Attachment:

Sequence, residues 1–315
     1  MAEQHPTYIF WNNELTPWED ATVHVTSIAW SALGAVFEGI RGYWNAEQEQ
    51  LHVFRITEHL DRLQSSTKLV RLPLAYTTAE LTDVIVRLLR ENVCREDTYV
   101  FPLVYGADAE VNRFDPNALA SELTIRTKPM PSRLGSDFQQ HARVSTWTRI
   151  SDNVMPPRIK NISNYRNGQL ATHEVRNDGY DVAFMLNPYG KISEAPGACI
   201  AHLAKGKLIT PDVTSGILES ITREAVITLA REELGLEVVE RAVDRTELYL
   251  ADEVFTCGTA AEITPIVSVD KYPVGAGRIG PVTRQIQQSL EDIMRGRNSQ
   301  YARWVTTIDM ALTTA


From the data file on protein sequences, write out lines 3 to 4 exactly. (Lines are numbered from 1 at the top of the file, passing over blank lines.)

    51  LHVFRITEHL DRLQSSTKLV RLPLAYTTAE LTDVIVRLLR ENVCREDTYV
   101  FPLVYGADAE VNRFDPNALA SELTIRTKPM PSRLGSDFQQ HARVSTWTRI